So, how can you survive the age of Facebook, Instagram and Twitter with your self-esteem intact?
Imagine it’s Monday morning. You’ve started the morning on a high, thinking about the weekend you just spent with your family. It wasn’t as if you did anything spectacular – but you had some special times with your husband and kids that reminded you just how good life is.
Then, you switch on your laptop and check in on Facebook. The first post you notice is a picture of your neighbour’s new kitchen. Good for her, you think, and scroll down. An acquaintance is bragging about her new car; another has put up a picture of the sun setting over the Mauritius, captioned “Life’s so hard!”
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All of a sudden, it does seem as if life is hard – hard for you, that is, since everyone else has something to celebrate. Who wants quality time at home when you could be living it up on an island holiday? What seemed precious just moments ago has now taken on a shoddy, second-hand taint.
Before you start throwing your own pity party, take heart. As human behaviourist Dr John Demartini notes, “Nobody has a better life. They have a different life.”
He cites the example of a celebrity couple he met through work. He was helping the wife make the adjustment to motherhood from being a noted public figure. During one consultation, he noticed a cameraman posing as a window cleaner, climbing on a ladder so that he could take photographs of the mother and baby from a window. “From the outside, people saw this beautiful family with a gorgeous new baby, living an exciting, glamorous life. I got to see how they had to turn their home into a virtual prison to avoid photographers; the husband has to wear a disguise if he wants to go for a bike ride.”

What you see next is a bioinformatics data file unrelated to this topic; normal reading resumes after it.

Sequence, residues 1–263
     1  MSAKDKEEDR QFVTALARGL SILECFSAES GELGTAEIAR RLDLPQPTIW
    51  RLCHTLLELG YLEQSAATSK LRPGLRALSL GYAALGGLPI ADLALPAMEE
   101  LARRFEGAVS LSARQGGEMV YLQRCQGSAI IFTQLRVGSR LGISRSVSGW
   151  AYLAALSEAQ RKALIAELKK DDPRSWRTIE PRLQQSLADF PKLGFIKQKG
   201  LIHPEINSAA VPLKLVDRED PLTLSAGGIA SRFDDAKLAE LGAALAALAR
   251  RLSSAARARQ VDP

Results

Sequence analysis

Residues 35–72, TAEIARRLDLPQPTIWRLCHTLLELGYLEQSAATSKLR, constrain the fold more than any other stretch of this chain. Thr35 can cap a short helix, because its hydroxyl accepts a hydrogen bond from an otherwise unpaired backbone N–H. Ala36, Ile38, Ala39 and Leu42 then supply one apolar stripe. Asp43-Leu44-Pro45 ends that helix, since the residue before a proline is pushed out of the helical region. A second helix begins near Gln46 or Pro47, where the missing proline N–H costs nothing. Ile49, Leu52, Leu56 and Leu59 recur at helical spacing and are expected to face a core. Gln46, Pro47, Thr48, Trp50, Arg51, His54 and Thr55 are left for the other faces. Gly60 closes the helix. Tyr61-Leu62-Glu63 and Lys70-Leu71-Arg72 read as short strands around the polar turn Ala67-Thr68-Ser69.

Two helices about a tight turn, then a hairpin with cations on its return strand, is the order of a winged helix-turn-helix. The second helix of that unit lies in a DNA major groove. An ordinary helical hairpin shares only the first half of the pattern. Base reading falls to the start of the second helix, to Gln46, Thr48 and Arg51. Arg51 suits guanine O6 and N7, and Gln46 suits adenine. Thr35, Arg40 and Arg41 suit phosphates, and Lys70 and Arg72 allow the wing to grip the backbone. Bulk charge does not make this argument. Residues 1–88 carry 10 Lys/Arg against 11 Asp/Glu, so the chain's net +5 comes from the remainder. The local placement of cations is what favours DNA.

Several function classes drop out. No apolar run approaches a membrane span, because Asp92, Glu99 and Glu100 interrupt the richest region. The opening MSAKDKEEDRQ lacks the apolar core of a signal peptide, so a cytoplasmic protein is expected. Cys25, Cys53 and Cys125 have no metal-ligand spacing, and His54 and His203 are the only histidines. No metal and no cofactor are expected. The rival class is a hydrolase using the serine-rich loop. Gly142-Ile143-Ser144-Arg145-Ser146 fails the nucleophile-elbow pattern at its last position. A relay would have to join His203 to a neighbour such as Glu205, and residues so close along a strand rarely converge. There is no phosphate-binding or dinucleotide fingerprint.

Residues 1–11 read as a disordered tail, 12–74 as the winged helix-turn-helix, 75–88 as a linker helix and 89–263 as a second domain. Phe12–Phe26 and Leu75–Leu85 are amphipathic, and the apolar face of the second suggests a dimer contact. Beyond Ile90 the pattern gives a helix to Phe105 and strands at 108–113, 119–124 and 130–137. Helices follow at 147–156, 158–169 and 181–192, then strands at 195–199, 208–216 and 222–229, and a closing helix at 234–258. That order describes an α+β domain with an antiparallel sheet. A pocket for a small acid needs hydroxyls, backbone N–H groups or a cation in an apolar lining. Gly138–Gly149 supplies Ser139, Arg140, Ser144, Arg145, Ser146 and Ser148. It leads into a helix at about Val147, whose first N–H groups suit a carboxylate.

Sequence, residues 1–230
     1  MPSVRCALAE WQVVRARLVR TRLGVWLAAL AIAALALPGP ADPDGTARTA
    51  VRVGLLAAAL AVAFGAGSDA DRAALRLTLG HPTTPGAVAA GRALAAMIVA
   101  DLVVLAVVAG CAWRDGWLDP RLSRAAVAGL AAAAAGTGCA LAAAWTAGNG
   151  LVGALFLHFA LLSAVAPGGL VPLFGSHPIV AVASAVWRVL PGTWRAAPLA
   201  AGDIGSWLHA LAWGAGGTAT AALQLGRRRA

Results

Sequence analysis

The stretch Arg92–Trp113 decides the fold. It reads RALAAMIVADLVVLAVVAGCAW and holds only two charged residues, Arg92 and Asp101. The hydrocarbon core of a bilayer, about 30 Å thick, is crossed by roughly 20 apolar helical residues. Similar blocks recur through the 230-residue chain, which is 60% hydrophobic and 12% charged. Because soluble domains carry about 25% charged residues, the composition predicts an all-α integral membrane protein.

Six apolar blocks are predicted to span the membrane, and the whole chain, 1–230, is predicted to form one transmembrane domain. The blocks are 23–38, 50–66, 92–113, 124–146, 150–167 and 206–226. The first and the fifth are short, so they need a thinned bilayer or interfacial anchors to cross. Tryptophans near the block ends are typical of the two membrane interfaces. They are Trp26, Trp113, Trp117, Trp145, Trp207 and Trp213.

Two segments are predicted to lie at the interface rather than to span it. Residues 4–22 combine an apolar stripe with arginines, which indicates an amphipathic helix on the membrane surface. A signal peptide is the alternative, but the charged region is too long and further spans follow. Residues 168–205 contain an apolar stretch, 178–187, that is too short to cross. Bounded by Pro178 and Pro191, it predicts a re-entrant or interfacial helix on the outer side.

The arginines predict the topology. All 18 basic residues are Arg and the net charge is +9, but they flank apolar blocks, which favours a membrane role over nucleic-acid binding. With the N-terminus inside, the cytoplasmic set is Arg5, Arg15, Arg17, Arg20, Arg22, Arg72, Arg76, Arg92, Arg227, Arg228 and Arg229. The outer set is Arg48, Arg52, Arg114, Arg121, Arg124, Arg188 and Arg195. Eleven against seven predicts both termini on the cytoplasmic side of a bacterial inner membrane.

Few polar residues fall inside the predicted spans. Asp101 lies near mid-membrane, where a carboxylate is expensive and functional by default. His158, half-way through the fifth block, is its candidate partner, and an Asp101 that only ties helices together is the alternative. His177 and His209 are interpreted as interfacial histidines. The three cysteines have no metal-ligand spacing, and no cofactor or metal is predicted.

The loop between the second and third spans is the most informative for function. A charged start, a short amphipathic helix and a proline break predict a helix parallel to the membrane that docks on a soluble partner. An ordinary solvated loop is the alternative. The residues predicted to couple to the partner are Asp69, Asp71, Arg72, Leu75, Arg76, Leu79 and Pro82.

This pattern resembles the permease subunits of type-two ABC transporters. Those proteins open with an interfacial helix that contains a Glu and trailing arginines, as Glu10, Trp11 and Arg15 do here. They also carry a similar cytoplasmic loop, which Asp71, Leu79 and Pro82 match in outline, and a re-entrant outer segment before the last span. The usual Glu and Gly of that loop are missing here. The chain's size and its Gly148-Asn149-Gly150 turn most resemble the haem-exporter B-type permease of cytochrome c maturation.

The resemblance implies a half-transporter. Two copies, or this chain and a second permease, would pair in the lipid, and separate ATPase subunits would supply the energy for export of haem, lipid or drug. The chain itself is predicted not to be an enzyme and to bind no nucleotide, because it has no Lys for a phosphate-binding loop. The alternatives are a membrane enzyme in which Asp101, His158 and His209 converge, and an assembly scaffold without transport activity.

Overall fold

A celebrity lifestyle no longer seems glamorous when viewed from that perspective. As Dr Demartini points out, if all the members of your neighbourhood were invited to put their problems in a bag and put them in the centre of a street, where you would be free to exchange and swap them for anyone else’s, you’d more than likely take back your own challenges. “Everyone has issues to deal with. If you wake up without a problem, you’re dead. At least you have the tools to deal with your own challenges.”
Fair enough – but it’s difficult to avoid that stab of jealousy when you see how many followers your competitors are gaining while your social media presence languishes. To this, Dr Demartini says, “Don’t compare your life to others; rather, measure your daily activities against your own dreams and priorities. When you compare yourself, you devalue your efforts and scatter your energy in pursuit of something that isn’t in keeping with what you really want.
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“Any time you see someone who has something that you really, really want, look deep inside and take note of what you already have,” he continues, adding that it’s worth remembering that there is a flipside to everything. Thus, no matter how thrilling your acquaintance’s time in Mauritius, at some point her pleasure will be diluted by some element of pain.
Admittedly, we all enjoy acknowledgement, and there’s nothing wrong with feeling pleased when your posts receive a thumbs up. But, says Dr Demartini, don’t look upon ‘likes’ as an endorsement of your character. Instead of using social media as a narcissistic tool – which no one appreciates – consider how you can serve your community by sharing information or inspiration that is truly meaningful. In this way, you’re not only providing a boost that all will enjoy; you can also build a personal brand.
Ultimately, however, there’s little point in becoming bogged down in your profile – or anyone else’s, for that matter. “Think about the most powerful people in the world, the ones who really make a difference – and ask yourself, do they care how many ‘likes’ they’ve received on a post?”